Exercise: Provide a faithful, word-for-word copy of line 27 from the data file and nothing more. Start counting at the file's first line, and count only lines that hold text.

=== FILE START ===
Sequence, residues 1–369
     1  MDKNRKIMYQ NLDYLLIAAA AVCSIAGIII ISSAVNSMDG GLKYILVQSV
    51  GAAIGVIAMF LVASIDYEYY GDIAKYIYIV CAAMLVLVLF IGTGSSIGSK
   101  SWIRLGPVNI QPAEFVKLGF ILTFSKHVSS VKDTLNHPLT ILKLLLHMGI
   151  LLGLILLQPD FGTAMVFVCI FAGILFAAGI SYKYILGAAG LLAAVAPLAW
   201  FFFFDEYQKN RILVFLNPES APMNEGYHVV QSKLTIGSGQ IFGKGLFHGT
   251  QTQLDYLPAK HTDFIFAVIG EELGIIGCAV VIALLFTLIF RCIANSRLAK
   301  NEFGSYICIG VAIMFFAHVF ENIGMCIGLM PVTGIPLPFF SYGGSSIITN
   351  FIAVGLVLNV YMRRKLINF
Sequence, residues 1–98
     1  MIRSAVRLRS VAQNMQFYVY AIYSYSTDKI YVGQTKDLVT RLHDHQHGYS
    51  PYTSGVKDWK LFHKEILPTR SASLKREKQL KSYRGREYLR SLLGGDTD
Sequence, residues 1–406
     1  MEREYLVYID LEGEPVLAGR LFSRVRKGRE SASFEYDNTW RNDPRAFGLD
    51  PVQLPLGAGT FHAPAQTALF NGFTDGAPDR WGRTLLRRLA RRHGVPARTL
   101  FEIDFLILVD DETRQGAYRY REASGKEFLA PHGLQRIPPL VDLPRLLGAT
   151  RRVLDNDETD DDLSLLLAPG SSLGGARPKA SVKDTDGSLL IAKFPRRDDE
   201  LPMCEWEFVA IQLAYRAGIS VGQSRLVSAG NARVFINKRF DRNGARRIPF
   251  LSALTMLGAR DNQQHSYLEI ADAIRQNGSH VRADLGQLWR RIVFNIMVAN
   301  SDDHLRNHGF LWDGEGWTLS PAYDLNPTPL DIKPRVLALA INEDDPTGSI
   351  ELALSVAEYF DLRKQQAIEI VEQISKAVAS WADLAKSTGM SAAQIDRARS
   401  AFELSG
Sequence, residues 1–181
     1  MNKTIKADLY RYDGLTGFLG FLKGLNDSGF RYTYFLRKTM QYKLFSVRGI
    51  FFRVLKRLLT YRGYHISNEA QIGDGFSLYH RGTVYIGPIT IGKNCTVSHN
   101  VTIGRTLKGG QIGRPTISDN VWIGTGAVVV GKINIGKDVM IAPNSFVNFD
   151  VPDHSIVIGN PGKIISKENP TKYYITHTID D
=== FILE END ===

   151  VPDHSIVIGN PGKIISKENP TKYYITHTID D